There does seem to be changed activity in the brain, however. The most
notable data comes from electroencephalographs (EEGs), measurements of
the electrical activity of the brain. Extensive EEG research has
demonstrated that brains produce different brain waves, rhythms of
electrical voltage, depending on their mental state. Deep sleep has a
different rhythm than dreaming, for example, and full alertness has a
different rhythm than relaxation.
In some studies, EEGs from subjects under hypnosis showed a boost in
the lower frequency waves associated with dreaming and sleep, and a
drop in the higher frequency waves associated with full wakefulness.
Brain-wave information is not a definitive indicator of how the mind
is operating, but this pattern does fit the hypothesis that the
conscious mind backs off during hypnosis and the subconscious mind
takes a more active role.
Researchers have also studied patterns in the brain's cerebral cortex
that occur during hypnosis. In these studies, hypnotic subjects showed
reduced activity in the left hemisphere of the cerebral cortex, while
activity in the right hemisphere often increased. Neurologists believe
that the left hemisphere of the cortex is the logical control center
of the brain; it operates on deduction, reasoning and convention. The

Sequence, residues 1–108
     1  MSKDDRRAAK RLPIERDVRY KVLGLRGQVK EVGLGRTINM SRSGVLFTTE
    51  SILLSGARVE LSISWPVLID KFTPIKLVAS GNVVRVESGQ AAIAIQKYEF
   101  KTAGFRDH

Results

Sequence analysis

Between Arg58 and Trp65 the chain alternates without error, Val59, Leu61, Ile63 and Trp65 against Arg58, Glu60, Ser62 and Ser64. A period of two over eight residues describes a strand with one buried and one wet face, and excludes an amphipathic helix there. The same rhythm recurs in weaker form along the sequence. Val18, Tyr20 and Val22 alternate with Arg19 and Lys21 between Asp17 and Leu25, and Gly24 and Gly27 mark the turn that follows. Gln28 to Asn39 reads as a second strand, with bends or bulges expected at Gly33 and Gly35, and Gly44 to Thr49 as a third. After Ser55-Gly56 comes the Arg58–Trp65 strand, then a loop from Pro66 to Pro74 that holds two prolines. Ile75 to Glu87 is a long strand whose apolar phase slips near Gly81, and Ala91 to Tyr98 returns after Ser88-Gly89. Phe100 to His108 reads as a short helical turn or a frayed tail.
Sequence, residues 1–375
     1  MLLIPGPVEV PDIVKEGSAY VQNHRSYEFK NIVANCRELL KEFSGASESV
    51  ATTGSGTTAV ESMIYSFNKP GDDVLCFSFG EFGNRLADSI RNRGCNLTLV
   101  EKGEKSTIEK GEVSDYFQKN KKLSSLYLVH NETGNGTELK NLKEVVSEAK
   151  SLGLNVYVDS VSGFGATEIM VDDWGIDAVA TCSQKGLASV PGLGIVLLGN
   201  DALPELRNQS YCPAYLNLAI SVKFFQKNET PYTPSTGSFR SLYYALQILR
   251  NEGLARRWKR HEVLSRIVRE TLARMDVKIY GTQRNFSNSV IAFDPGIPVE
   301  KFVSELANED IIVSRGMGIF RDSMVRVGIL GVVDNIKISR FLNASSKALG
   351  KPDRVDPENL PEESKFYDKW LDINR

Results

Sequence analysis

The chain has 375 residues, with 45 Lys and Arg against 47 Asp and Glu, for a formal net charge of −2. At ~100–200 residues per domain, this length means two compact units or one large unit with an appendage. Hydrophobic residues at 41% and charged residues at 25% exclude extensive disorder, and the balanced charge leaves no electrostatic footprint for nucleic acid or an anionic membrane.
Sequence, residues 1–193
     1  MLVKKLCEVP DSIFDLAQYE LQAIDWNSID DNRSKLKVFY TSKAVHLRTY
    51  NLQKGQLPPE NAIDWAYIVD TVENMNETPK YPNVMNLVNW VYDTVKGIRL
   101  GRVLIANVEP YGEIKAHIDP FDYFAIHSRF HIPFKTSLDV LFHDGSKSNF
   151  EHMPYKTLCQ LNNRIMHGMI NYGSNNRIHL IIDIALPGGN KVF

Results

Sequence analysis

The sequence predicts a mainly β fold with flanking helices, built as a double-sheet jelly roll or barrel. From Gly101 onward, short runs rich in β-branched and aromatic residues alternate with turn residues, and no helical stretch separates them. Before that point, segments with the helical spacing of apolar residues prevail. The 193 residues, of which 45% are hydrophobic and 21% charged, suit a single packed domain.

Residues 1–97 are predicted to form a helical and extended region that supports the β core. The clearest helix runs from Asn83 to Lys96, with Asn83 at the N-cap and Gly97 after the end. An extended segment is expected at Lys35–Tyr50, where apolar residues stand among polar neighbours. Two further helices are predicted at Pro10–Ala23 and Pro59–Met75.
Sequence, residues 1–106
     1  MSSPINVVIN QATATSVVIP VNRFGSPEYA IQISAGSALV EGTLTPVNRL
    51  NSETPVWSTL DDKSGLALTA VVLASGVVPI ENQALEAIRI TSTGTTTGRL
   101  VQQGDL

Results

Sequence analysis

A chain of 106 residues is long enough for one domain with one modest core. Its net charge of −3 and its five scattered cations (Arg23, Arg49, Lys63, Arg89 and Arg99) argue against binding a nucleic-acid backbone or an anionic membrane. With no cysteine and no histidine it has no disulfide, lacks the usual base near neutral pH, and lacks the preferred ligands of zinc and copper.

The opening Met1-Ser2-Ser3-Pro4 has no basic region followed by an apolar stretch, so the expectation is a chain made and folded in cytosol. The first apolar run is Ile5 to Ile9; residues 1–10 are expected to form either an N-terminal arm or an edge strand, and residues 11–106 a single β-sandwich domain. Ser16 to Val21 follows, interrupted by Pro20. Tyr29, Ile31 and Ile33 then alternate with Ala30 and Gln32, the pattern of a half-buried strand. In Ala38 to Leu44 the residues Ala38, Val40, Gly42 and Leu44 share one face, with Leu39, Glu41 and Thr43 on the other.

right hemisphere, in contrast, controls imagination and creativity. A
decrease in left-hemisphere activity fits with the hypothesis that
hypnosis subdues the conscious mind's inhibitory influence.
Conversely, an increase in right-brain activity supports the idea that
the creative, impulsive subconscious mind takes the reigns. This is by
no means conclusive evidence, but it does lend credence to the idea
that hypnotism opens up the subconscious mind.
Whether or not hypnosis is actually a physiological phenomenon,
millions of people do practice hypnotism regularly, and millions of
subjects report that it has worked on them. In the next section, we'll
look at the most common methods of inducing a hypnotic trance.
Source: How Hypnosis Works at How Stuff Works